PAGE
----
Apple pulls NBC shows from iTunes lineup

NbcOn their website today Apple announced that they will not carry the next season of NBC television shows on their iTunes store. NBC shows made up 30% of iTunes TV show sales. Although NBC’s contract with Apple officially ends in December, Apple decided to pull the shows now rather than take them out of the store mid-season.

The move follows NBC’s decision to not renew its agreement with iTunes after Apple declined to pay more than double the wholesale price for each NBC TV episode, which would have resulted in the retail price to consumers increasing to $4.99 per episode from the current $1.99.

As noted by TechCrunch, the decision may have had something to do with NBC’s controlling stake in the newly-named Hulu, a YouTube-competitor offering professional video (examples found on the Hulu placeholder page include popular shows such as Bones and Family Guy). Hulu, slated to launch in October through portals such as MSN and Yahoo, is a joint-venture between NBC and News Corp that earlier this month received $100 million from Providence Equity Partners out of Rhode Island. In return, Hulu gave up 10% of the company, meaning it was valuated at a staggering $1 billion. As far as NBC being scared of Apple, Michael Arrington weighs in:

The last thing the TV networks want to see is Apple having the kind of control over TV content that they do with music - 76% of online music sales come from iTunes.

Is this a good decision by NBC? It remains to be seen whether the revenue from Hulu’s ad-based model will rival what the shows generated through iTunes. If NBC were to continue to distribute their television lineup through the iTunes store that would mean that at Hulu’s launch their shows would be available via three different delivery methods. Surely some cannibalization would occur here, but to what extent? If Apple were to release statistics on how many iTunes users sync television shows they purchase to iPods, it would be an indicator of how much they value the portability feature that only iTunes delivers. These customers would most likely continue to watch the show on television with friends and family, and would likely check it out on Hulu as well. In my opinion, NBC shouldn’t cut the iTunes contract until they roll out their own pay-to-download delivery system.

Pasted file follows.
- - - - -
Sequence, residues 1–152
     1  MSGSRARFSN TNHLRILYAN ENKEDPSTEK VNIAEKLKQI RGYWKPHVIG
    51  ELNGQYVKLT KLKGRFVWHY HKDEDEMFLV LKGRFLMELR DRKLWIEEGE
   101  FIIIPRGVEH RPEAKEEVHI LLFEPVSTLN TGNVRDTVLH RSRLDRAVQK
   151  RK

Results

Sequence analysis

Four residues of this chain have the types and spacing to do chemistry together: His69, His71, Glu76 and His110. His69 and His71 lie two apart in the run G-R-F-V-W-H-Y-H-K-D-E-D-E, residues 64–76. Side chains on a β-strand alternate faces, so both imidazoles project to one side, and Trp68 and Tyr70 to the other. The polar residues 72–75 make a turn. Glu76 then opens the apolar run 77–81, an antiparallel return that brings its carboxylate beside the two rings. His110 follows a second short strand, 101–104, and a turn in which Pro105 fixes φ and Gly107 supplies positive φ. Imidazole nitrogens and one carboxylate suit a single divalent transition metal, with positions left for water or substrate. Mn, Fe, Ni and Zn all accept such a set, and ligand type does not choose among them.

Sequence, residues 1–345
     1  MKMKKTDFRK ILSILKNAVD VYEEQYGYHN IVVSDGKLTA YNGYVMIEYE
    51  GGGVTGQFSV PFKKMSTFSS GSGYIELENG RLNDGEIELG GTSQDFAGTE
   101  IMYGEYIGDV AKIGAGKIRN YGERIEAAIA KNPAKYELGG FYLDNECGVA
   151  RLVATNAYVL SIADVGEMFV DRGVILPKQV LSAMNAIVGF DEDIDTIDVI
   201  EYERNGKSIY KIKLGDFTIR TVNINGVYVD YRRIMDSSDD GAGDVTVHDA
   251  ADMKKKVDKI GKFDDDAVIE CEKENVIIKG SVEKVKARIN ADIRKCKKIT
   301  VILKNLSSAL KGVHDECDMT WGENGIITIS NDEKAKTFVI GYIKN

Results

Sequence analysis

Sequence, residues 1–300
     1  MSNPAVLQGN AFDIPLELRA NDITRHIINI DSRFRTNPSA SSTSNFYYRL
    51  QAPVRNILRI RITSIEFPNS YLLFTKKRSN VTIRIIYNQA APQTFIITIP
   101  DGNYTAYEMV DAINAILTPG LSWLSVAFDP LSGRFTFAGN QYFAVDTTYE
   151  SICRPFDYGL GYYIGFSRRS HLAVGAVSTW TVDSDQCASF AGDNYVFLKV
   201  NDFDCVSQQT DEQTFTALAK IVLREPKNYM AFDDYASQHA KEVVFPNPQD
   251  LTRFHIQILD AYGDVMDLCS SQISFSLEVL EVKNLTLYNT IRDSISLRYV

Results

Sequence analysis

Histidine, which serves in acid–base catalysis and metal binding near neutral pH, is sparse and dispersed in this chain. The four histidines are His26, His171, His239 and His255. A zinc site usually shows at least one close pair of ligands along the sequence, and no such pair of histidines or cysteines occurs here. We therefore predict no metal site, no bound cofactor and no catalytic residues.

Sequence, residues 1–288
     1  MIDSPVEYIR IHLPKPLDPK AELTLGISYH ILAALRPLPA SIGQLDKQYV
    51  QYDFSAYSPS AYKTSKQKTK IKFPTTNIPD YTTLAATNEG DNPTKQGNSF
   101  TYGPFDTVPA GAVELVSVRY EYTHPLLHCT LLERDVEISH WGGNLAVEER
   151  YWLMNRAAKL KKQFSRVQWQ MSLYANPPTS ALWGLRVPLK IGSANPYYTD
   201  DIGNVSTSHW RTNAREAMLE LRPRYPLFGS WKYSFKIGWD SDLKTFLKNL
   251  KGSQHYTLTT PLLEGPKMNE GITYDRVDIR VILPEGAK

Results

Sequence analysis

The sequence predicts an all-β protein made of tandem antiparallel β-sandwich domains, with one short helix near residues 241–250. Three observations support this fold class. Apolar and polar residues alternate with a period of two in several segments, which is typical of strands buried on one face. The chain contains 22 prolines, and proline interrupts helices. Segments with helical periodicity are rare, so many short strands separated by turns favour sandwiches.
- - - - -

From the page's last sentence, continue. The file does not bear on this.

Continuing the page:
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RedMango faces off against PinkBerry!

red mango frozen yogurtRed Mango , a retail chain offering frozen yogurt treats, has gotten funded by Los Angles based Stone Canyon ventures, for an undisclosed amount, according to SoCalTech. Red mango just opened its first branch in Los Angeles, in July of 2007 (they have plans for 7 more). Based upon an image of hip health, the Red Mango chain started 5 years ago and has stores in New York, Nevada and Washington state.

But in Los Angeles is where it is going to get interesting! Here they go head to head with upstart Pink Berry. Pink Berry has fast become an LA icon - it is not uncommon to see lines 10-20 deep at some of their stores, waiting to get a scoop of their vanilla, and distinctive green tea.

In the Frozen Yogurt Face Off, Pink Berry is the slightly wounded champ, and the local favorite. Red Mango is the better bankrolled (for now) outside challenger.

1. Round one: Pink Berry becomes one of the hottest frozen yogurt stores. People who like the product (not all do - the taste is very different from the ice-cream like frozen yogurt we are used to), really love it.

2. Round two: A legal brouhaha ensues, as the California Food and Agriculture Code says that the concoction is not really “yogurt” so Pink Berry re-christen’s its food as “dessert”. Red Mango has taken pains to point out on its website that it “Meets National Yogurt Association Criteria for Live and Active Culture Yogurt”.